Midwinter ’18: Tears and Celebration

Gary and Nancy Walter stood together after he finished his president’s report.

CHICAGO, IL (January 26, 2018) – The 2018 Midwinter Conference opened with a dinner and joyous concert Monday night and concluded with a communion service this morning. In the days between, Covenant ministers celebrated the denomination’s broad ministry while also addressing particular controversial issues.

The subtexts—and sometimes texts—of pain, compassion, praise, hope, and unity were addressed from the stage, in small groups, and during special sessions.

Standing ovations and tears bookended Gary Walter’s final president’s report to a Midwinter gathering. “Now 2018 will mark my 42nd year in Covenant ministry,” said Walter, who is retiring this year. “The Covenant is where I came to faith as a high school student. It is the community that has continually nurtured my own growth as a follower of Christ, and that of my family. It is the Church whose dedication to God’s mission has been so central to my own vocation. It is the relational center for so very many of our deepest and most cherished relationships. I’m not just in the Covenant, the Covenant is in me.”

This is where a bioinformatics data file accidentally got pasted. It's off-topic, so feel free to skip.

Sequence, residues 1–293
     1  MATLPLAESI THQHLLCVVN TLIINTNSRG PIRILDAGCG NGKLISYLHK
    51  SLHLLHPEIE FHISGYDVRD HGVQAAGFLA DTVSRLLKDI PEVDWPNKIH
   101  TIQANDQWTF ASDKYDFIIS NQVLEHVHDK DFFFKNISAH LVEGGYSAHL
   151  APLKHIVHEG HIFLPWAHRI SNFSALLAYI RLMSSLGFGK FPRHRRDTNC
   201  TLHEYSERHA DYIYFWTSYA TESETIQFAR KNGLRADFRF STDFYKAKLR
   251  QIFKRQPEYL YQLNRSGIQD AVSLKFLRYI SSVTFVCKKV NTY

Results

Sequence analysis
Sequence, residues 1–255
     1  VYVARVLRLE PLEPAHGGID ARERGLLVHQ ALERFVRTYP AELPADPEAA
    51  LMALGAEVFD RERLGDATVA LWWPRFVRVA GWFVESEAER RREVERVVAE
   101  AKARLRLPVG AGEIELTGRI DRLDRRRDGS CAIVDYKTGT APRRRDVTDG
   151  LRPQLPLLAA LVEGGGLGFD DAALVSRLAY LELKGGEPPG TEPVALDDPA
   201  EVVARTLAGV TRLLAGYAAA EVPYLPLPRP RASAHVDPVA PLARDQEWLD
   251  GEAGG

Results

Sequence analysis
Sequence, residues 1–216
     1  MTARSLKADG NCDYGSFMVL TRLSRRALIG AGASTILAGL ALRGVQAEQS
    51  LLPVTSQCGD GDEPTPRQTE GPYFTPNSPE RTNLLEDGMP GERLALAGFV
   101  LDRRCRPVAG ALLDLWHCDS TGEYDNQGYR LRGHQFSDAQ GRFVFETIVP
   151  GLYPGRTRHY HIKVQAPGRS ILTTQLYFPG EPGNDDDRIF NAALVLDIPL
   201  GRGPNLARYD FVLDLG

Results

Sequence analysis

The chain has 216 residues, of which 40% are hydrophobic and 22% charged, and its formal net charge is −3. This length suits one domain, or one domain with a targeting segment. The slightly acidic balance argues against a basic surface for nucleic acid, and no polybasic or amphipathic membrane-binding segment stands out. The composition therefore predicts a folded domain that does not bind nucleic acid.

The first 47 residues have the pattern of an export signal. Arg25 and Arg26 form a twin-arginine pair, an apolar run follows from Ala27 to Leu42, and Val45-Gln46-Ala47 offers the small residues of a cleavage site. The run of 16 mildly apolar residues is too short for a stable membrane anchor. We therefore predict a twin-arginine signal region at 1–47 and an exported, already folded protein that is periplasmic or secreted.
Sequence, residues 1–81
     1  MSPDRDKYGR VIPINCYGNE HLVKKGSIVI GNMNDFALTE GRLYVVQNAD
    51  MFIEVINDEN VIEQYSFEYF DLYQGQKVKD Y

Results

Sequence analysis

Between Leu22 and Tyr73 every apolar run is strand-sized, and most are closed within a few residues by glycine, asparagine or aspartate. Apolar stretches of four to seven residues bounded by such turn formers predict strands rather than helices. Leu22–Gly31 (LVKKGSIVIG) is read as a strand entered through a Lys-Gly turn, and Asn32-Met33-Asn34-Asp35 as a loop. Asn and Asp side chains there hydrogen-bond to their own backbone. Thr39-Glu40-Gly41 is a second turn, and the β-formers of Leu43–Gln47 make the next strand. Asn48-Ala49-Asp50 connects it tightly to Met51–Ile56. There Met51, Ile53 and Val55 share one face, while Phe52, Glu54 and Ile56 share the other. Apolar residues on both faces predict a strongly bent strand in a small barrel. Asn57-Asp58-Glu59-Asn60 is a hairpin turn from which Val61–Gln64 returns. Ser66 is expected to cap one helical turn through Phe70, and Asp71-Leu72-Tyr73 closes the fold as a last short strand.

Other leaders retiring from their current leadership positions also were recognized: Robert Owens, superintendent of the Southeast Conference as well as the denomination’s first African-American church planter; and Harold Spooner, who as former president of Covenant Initiatives for Care and a leader in other roles, has helped guide the denomination’s ministries of compassion, mercy, and justice.

Glenn Peterson was introduced as the nominee to be the next superintendent of the Canada Conference. He is currently the lead pastor at Hope Community Covenant Church in Strathmore, Alberta, and the conference’s director of church planting.

Walter spoke about the recent controversies related to human sexuality. He both reaffirmed the ECC’s position and reiterated the denomination’s commitment to provide resources for addressing the needs of LGBTQ people.

One of the most moving moments of the entire week came toward the end of Walter’s report when he introduced longtime friend, Covenant minister, and former denominational director of evangelism, Lon Allison, who is suffering from liver cancer.